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Detail of glass fungus model

This section includes in-depth articles and images that tell you more about some of our collections. Follow the links below to find out more.

Acoustics

Philosophers and scientists have always been fascinated by sound and music, and there is a long history of interaction between music and science. However, the experimental science called acoustics did not properly emerge until the 19th century.

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Astronomy

Astronomers have always needed instruments, and so there is a vast "material culture" associated with the study of the heavens. Our collection includes telescopes, charts, planetaria, orreries, celestial globes, and many other objects.

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Calculating Devices

The world's oldest scientific instruments were developed to aid calculation. For hundreds of years, ruler-like tools were the most common calculating devices and their use persisted alongside mechanical innovations that automated simple mathematical procedures.

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Frogs

The articles in this section explore frogs in the history of science across a range of contexts, using the Whipple Museum's rich collections to investigate the many ways in which scientists have used and learnt from frogs in the past 300 years.

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Globes

From antiquity to the present day, people have used globes to model the world around them. Globes serve many different functions, from practical tools to representations of power, and have been produced for a variety of audiences.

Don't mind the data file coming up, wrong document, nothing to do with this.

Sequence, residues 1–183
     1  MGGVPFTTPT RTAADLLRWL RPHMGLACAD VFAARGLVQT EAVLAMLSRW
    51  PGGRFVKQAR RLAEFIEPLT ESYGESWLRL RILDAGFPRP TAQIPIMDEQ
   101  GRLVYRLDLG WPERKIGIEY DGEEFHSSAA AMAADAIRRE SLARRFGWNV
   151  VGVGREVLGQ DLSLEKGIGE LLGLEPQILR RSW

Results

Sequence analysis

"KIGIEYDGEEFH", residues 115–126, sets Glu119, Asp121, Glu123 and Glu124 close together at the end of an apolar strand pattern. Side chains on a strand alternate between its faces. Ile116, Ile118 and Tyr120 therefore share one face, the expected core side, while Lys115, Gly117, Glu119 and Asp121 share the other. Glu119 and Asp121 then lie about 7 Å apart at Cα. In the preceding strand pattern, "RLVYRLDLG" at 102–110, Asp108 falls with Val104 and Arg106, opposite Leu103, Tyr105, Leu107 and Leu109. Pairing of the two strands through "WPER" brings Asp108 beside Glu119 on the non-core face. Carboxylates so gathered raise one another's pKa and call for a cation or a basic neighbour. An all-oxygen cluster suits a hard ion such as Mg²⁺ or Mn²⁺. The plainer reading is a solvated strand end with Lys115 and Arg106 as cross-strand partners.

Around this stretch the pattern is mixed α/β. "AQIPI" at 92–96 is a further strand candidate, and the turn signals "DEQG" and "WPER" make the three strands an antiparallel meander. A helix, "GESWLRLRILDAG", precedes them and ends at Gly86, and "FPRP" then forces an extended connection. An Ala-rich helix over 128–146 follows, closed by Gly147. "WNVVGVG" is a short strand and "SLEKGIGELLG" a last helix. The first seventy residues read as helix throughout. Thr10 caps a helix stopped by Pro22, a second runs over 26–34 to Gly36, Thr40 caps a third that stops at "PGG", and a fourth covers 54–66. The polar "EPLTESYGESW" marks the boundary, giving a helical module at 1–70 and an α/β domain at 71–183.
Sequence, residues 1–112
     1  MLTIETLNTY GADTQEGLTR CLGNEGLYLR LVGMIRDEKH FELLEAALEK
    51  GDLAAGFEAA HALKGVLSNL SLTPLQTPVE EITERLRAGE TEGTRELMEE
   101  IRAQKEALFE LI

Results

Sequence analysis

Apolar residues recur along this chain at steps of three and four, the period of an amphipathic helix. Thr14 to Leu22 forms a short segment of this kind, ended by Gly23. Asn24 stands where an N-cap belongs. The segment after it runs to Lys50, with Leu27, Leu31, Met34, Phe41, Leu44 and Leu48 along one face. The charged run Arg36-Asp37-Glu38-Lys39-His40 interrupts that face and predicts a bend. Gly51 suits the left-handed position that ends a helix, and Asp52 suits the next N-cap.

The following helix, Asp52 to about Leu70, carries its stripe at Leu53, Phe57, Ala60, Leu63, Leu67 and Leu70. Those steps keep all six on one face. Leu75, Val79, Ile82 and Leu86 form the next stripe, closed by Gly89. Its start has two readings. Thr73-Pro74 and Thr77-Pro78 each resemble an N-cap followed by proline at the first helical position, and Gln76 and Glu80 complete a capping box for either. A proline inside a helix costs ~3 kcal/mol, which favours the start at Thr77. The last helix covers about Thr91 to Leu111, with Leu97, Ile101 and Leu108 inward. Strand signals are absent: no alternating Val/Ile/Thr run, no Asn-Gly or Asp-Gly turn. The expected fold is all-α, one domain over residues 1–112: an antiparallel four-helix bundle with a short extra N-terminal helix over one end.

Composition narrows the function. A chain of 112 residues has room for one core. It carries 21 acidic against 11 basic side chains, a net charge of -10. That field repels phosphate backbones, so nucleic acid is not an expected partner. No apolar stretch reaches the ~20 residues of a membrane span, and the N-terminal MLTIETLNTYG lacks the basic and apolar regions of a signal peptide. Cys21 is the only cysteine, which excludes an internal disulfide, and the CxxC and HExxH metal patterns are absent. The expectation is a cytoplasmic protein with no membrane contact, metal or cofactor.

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Meteorology

Natural philosophers and scientists have long studied the conditions of our atmosphere using instruments, charts, and maps. The Whipple collection includes excellent examples of instruments that measure all kinds of atmospheric phenomena.

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Microscopes

Since the microscope was invented, just before 1600, people have been fascinated by the new world it allowed us to view. This section explains how people have interacted with that world.

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Models

Teaching science can often be a very tricky business. Whether it is a planetary system, a species of mammal, or a theory of light, models have always helped teachers to explain science to their students.

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Astronomy and Empire

The British Empire was built on scientific labour. Precision instruments made in London, charts published by the Royal Observatory, chronometers set to Greenwich time: all of these material tools and many others were essential for the navigation of Britain’s ships to far flung corners of the globe. On foreign soil...

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